Immuniology - Block 1 - Part 1

davidwurbel7's version from 2015-09-27 03:07


Question Answer
Resistance to disease, specifically infectious diseaseImmunity
The collection of cells, tissues, and molecules that mediate resistance to infectionsImmune System
The coordinated reaction of the cells and molecules to infectious microbesImmune Response
The cause of many inflammatory diseases with serious morbidity and mortalityAbnormal Immune Response
Mediates the initial protection against infectionsInnate Immunity
Does not react against noninfectious foreign particlesInnate Immunity
Develops more slowly and mediates the later, even more effective defense against infectionsAdaptive Immunity
System consists of lymphocytes and their products, such as antibodiesAdaptive Immunity
Express receptors that specifically recognize antigens produced by microbes as well as noninfectious moleculesLymphocytes
Cellular components of this immune response are epithelium, neutrophils, macrophages, complement, NK cellsInnate Response
Cellular components of this immune response are APC cells, B-cells, T-cells, Effector cells and antibodiesAdaptive Response
Humoral and Cell-mediated response are components ofAdaptive Immunity
Stops microbes present at mucosal surfaces and in the blood from gaining access to and colonizing host cells and connective tissuesAntibodies
Recognize many different types of molecules including proteins, carbohydrates, lipids, and nucleic acidsAntibodies
Can prevent infections from ever getting established if present at the site of infectionAntibodies
Receptors on these cells can only recognize peptidesT Cells
Activate phagocytes to destroy microbes that have been ingested by the phagocytes into intracellular vesiclesHelper T Cells (CD4+)
Kill any type of host cells that are harboring infectious microbes in the cytoplasmCytotoxic T Cells (CD8+)
Immunity that is induced in an individual by infection or vaccinationActive Immunity
Immunity that is conferred on an individual by transfer of antibodies from an actively immunized individual; this protection is short-termPassive Immunity
Ensures that distinct antigens elicit specific responsesSpecificity
Enables immune system to respond to a large variety of antigensDiversity
Leads to enhanced responses to repeated exposures to the same antigensMemory
The proliferation and generation of many thousands of genetically identical progeny cells all with the same antigen specificityClonal Expansion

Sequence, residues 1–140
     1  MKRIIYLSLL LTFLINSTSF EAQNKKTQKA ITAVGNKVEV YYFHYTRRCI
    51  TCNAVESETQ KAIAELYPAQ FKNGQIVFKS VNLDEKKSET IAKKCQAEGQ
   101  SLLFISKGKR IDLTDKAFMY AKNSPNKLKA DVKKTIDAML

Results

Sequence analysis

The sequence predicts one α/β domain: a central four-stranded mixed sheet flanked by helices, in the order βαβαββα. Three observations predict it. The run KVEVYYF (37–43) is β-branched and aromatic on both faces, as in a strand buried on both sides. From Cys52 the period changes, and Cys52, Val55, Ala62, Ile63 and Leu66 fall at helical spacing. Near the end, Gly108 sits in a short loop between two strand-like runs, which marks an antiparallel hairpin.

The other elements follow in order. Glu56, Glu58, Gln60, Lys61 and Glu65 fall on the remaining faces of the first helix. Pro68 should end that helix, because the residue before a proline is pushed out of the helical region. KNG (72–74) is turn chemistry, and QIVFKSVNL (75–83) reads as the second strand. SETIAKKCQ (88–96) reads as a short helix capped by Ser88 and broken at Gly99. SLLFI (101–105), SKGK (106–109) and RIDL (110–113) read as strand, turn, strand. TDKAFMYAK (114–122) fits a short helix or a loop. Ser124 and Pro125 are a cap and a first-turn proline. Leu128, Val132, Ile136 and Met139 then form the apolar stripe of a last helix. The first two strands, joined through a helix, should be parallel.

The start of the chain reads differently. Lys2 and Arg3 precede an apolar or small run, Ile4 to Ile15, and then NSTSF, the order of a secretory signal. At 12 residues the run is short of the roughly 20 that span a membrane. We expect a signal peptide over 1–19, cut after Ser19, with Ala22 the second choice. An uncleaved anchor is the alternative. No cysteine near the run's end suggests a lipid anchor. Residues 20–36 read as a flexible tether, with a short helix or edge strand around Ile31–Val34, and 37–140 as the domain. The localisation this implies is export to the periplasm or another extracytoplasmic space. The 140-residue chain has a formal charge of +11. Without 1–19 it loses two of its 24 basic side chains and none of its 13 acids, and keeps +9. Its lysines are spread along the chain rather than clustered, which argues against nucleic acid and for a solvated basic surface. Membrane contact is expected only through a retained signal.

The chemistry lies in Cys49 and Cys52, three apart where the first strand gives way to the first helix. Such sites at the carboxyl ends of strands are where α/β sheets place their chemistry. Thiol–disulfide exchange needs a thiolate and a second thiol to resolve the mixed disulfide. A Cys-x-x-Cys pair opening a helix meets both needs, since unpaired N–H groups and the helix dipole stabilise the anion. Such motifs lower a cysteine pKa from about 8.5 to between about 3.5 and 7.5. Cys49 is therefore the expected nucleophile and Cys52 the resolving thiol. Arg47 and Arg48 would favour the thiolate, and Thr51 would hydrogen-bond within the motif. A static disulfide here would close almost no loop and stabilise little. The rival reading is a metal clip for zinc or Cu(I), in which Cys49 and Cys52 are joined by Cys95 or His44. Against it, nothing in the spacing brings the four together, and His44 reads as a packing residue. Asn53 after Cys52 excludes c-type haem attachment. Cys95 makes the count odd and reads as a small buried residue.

Generates responses that are optimal for defense against different types of microbesSpecialization
Allows immune system to respond to newly encountered antigensContraction
Prevents injury to the host during responses to foreign antigensSelf Nonreactivity
B cells confer this type of immunityHumoral Immunity
T cells confer this type of immunityCell-Mediated Immunity
These cells initiate the T cell responseDendritic Cells
These cells initiate and effector phases of Cell-Mediated ImmunityMacrophages
These cells display antigens only to B cells in humoral immune responseFollicular Dendritic Cells
Inhibitation of bacteria binding to cellsNeutralization
Envelopment of bacteria by bring the bacteria inside of a macrophagePhagocytosis
The only cells that express specific receptors for antigens and are thus the key mediators of adaptive immunityLymphocytes

Tissues of the Immune System

Question Answer
Where T and B lymphocytes mature and become competent to respond to antigensGenerative (Primary) Lymphoid Organs
Consisting of the lymph nodes, spleen, and the mucosal and cutaneous immune systems are where adaptive immune responses to microbes are initiated. Organized to optimize interactions of antigens, APCs, and lymphocytesPeripheral (Secondary) Lymphoid Organs
Nodular aggregates of lymphoid tissues located along lymphatic channels throughout the bodyLymph Nodes
Chemokine receptor responsible for bringing naive T cells into lymph nodes and the spleenCCR7
Receptor expressed by naïve T cells, dendritic cells and central memory T cellsCCR7
Naïve T cells express this surface receptor that binds to carbohydrate ligands expressed only on the endothelial cells of HEVs.L-Selectin
Because the concentration of this phospholipid is higher in the blood than in lymph nodes, the activated T cells increase expression of this receptorSphingosine 1-Phosphate Receptors
These memory cells recirculate through lymph nodes where they can mount secondary responses to captured antigensCentral Memory T Cell
These memory cells migrate to sites of infection, where they can respond rapidly to eliminate the infectionEffector Memory T Cells
Lymph tissue located under the epithelia of the skinCutaneous Lymphoid Tissues
Lymph tissue located in the gastro-intestinal and respiratory tracts. Pharyngeal tonsils and Peyer's patches of the intestine are examplesMucosa-Associated Lymphoid Tissue (MALT)